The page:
Bob Crane (1928-1978) was a two-time Emmy nominee as Col. Robert Hogan on Hogan’s Heroes.  His 1978 murder has never been officially solved.  Star Trek fans may recognize the name of Robert H. Justman (1926-2008), an associate producer and later co-producer on The Original Series; he previously had worked as an associate producer on The Adventures of SupermanKay Linaker (1913-2008) acted in a number of second-tier features, mostly for Fox, in the thirties and forties, and later became a writer under her married name of Kate Phillips, and co-wrote the screenplay for The Blob (which starred Steve McQueen).  Sidney Blackmer (1895-1973) had a long career as a supporting player in film, playing Theodore Roosevelt several times; on stage he won a Tony for Come Back, Little Sheba, and also had a role in the creation of the Actor’s Equity Association.

When it comes to history, July 13 is the most widely accepted date of birth of Julius Caesar (100-44 BCE), the most significant figure in the final years of the Roman Republic.  In addition to his formidable political and military accomplishments, his memoirs, The Gallic Wars and The Civil War, are invaluable historical sources.  He has been played on screen many times—by Louis Calhern and Sir John Gielgud in adaptations of Shakespeare’s play, and by the likes of Claude Rains, John Gavin, Rex Harrison, Timothy Dalton, Ciaran Hinds, and Karl Urban in other films or television series.

Nathan Bedford Forrest (1821-1877) became famous during the US Civil War as a Confederate cavalry general so effective that he was nicknamed “the Wizard of the Saddle.”  After the war, he then made his name permanently infamous as, at least according to many reports, the Grand Wizard of the Ku Klux Klan.

A year ago this series featured the big names of Harrison Ford and Patrick Stewart in the headline.

Harrison Ford, who turns 75, will return to the role of Rick Deckard in Blade Runner 2049, due out in October.  There is also buzz about a fifth Indiana Jones film.  Sir Patrick Stewart, who is 77, also returned to one of his iconic roles earlier this year in Logan, and will also star in Wilde Wedding, scheduled for an unspecified 2017 release date.  Ken Jeong’s series Dr. Ken was canceled, but as he turns 48 he continues to find plenty of work.  Cheech Marin, who is turning 71, reprised his role as Ramone in Cars 3 and will also be featured in The War with Grandpa.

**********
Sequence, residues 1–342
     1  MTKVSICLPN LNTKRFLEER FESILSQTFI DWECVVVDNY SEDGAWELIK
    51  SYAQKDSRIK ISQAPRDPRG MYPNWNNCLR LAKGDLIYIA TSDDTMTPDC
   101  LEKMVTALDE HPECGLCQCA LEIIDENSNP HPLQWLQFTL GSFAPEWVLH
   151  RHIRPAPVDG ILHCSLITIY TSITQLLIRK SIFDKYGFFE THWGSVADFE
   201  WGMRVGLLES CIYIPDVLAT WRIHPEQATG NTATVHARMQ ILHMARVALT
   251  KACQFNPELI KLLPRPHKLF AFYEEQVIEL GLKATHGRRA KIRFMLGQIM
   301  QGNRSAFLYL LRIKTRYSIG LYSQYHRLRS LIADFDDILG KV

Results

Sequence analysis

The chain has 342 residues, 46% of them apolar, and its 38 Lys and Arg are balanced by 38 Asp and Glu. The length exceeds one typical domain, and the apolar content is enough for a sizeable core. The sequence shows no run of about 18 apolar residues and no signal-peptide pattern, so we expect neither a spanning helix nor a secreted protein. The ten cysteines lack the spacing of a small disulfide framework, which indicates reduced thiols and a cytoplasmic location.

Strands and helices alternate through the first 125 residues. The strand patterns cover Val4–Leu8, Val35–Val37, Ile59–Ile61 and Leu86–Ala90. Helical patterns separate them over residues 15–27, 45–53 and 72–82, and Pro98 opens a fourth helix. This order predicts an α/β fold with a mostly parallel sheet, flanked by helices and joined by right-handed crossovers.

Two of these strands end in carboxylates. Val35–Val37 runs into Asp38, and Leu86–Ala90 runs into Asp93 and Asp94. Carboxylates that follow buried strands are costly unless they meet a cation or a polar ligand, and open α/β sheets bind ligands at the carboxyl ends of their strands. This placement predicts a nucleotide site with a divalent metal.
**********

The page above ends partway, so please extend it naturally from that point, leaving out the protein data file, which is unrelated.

If today is your birthday, congratulations on sharing your big day with these notable names.  Birthday wishes to everyone celebrating a big day today.  Come back tomorrow for more celebrity birthdays.

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Posted on July 13, 2017, in Celebrity Birthdays and tagged , , , , , , , , , . Bookmark the permalink. 2 Comments.

  1. Cameron Crowe—not one of my very favorite directors, but he did make Say Anything, one of my favorite romances of all time (and I would say, it is indeed the best teen romance ever).

    A number of years ago when I was going through a phase of checking out new musical artists, I came across Rhonda Vincent, and wound up buying three of her albums in a period of about six months. She is one of the best there is when it comes to a traditional bluegrass sound. I doubly wanted to include her since July is turning into a pretty big month for bluegrass-related birthdays.

    Until I wrote this article I had no idea that Steve McQueen had a grandson, much less one who had gone into acting.

    We have representatives of three of my favorite kinds of music today—bluegrass, folk-rock, and Celtic (and two of them play the fiddle). Roger McGuinn and the Byrds were one of the most successful of the first wave of American performers who were influenced by the British Invasion. And Eileen Ivers has done a lot of great work, especially with Cherish the Ladies.

    I caught a fair amount of Hogan’s Heroes reruns when I was young, and I can remember when Bob Crane was murdered; a sad day, that was.

    Back in the seventies I came across two or three good books with a good deal of inside information about the production process of Star Trek: TOS, and I remember that Robert Justman figured rather largely in them.

    We have some Harrison Ford content here already—one or two Movieline articles, as I recall. I hope to write up both him and Patrick Stewart in more detail in the future.

    Like

  2. Cameron Crowe, it’s been awhile, but I like a lot of his early work and I thought he did a good job on the “Fast times at Ridgemont High” DVD commentary w/ Amy Heckerling (the screen is blank and they’re still talking; I liked that).
    Ashley Scott, I don’t think “Birds of Prey” was a great show (I got the DVD for “Gotham Girls” anyway), but I thought she looked pretty cool there. I don’t know her from much else.
    Robert Forster, I knew him as a veteran performer and everything, then I saw him in 1969’s “Medium Cool”, and I’m like, “Yeah, this is the stuff”. I thought Forster was AMAZING there (he’s always done well in bits, but hardly run the show, except fort maybe 1997’s “American Perfekt”, a film I mentioned on Amanda Plummer’s birthday), and I had no idea he was once one of the posterboys for Hollywood counterculture (I know there isn’t such a term, but let’s pretend, like in the movies).
    Bob Crane, well, I’ve probably seen “Auto Focus” more times than I’ve viewed cumulative hours of “Hogan’s Heroes”, but I know he was huge on the show.
    Julius Caesar, I know a little about him (I suppose), but ever since I viewed that one episode of “The Simpsons” (title: ‘Brothers Little Helper’) when Bart get the focusing meds and towards the end drives a tank, in which Nelson compliments Bart, and he exclaims, “Praise from Caesar”. I use that line quite frequently, so when *I think of Caesar most, I think of that line.

    Like